Agricultural intensification, soil biodiversity and ecosystem function in the tropics: the role of nitrogen-fixing bacteria
Moreira, FM de Souza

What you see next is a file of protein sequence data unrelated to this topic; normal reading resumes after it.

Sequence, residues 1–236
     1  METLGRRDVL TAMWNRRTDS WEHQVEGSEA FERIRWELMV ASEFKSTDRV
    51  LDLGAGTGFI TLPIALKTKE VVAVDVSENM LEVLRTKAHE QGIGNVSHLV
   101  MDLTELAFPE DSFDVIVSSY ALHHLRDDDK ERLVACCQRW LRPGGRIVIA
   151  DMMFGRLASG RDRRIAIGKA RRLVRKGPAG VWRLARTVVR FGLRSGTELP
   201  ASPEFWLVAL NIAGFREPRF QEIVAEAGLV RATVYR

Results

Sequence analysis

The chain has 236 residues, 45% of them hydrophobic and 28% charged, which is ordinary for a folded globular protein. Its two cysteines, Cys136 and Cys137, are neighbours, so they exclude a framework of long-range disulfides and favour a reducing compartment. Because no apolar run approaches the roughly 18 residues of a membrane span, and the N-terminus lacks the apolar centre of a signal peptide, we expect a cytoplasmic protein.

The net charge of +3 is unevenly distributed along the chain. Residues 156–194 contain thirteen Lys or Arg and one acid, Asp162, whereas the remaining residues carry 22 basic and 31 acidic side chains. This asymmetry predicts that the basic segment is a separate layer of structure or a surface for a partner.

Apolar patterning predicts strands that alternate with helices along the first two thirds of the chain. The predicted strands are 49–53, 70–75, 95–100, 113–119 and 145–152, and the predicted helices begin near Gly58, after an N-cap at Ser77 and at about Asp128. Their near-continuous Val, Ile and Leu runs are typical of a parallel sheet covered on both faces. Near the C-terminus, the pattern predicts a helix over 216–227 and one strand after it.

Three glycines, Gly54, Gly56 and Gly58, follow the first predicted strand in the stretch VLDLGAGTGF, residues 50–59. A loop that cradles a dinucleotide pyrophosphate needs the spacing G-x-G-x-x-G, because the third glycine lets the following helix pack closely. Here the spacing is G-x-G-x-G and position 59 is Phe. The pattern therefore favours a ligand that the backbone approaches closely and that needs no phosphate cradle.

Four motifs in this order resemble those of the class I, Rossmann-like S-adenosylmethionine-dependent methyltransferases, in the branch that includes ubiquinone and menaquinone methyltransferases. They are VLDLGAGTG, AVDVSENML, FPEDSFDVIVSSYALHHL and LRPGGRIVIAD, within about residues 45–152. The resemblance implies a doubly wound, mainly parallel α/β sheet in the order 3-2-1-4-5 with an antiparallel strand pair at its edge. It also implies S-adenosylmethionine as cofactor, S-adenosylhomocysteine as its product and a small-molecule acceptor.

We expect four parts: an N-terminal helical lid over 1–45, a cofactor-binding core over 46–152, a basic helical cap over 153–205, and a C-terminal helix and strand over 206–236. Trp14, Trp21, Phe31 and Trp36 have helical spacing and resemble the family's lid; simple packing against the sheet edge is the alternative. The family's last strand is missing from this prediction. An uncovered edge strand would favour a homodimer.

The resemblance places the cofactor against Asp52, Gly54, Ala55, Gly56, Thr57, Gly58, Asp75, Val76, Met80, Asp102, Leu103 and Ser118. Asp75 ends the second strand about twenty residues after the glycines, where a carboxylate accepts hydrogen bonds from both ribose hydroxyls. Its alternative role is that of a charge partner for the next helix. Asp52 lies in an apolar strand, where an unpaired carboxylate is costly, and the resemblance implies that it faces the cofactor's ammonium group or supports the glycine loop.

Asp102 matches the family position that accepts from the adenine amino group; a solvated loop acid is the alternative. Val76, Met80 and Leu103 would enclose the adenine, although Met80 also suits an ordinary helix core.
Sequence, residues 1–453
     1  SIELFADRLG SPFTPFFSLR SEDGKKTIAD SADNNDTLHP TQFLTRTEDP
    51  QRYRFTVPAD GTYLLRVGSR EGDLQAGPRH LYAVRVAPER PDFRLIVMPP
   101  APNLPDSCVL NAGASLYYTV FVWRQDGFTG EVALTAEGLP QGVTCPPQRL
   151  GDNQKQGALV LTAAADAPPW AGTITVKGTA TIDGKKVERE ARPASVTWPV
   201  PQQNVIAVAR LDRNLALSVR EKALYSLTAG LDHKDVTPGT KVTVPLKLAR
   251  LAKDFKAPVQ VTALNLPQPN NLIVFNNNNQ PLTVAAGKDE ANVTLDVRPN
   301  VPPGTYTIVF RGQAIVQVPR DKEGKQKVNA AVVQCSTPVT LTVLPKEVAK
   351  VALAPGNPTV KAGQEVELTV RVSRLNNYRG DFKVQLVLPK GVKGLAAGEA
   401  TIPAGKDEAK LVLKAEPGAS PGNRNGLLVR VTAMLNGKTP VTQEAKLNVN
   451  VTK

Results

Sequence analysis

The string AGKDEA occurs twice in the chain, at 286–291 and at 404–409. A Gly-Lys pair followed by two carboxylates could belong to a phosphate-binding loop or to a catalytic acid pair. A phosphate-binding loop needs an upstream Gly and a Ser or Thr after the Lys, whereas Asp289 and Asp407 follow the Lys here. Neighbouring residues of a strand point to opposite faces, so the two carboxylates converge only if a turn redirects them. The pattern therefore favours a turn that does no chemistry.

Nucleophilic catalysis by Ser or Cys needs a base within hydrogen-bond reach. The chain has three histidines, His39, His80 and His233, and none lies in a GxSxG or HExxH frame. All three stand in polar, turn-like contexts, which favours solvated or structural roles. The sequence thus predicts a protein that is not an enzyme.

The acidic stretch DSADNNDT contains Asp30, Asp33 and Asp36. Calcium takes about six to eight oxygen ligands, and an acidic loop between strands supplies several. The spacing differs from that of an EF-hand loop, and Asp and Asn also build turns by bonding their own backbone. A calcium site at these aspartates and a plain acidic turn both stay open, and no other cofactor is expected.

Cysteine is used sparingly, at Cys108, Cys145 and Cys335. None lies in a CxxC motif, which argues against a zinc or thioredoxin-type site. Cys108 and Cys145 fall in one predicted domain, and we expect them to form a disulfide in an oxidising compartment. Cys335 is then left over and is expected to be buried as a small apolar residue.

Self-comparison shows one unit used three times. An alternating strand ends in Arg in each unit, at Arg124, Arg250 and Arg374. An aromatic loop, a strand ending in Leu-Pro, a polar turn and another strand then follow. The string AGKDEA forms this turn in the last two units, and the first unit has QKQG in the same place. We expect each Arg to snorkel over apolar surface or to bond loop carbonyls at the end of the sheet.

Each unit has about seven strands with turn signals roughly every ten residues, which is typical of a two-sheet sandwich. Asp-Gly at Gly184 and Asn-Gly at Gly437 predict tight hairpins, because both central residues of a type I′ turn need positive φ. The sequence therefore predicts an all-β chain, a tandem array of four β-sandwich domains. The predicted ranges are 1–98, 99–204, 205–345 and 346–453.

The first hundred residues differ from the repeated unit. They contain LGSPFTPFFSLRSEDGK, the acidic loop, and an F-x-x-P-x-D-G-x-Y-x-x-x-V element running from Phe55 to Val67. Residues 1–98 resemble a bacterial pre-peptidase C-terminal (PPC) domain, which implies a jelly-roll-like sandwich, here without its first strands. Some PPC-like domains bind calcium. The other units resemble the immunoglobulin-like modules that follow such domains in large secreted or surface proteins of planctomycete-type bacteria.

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Among the nitrogen (N2)-fixing bacteria, the rhizobia in symbiosis with legumes are generally the most important in agriculture, although Frankia, cyanobacteria and heterotrophic free-living N2 -fixers may fix significant amounts of nitrogen under specific conditions. The taxonomy of N2-fixing bacteria is undergoing substantial revisions due to the advent of molecular methods for phylogenetic analysis, and in certain cases this has proved useful in unravelling ecological relationships among confusing groups. Molecular methods are also proving useful in studies of biodiversity within populations of rhizobial species. Rhizobia are surprisingly competent free-living bacteria, although few fix nitrogen in the free-living state, and the major factors that determine their population sizes in the absence of legume hosts are environmental stresses (such as soil acidity factors), protozoal grazing and some factors associated with agricultural intensification such as increases in salinity or heavy metal pollution of the soil. Rhizobial populations generally increase in response to the presence of the host legume. Due to the high degree of host-specificity between legume hosts and rhizobial species, loss of a single rhizobial species can result in loss of N2-fixation by that legume, although many legumes can be nodulated by several species of rhizobia. However, as only a single, compatible rhizobial genotype or strain is necessary for establishment of effective N, -fixation (i.e. the basis of the rhizobial inoculant industry), it is questionable whether biodiversity within species is necessary to ensure function, although this may confer resilience in the face of further environmental stresses.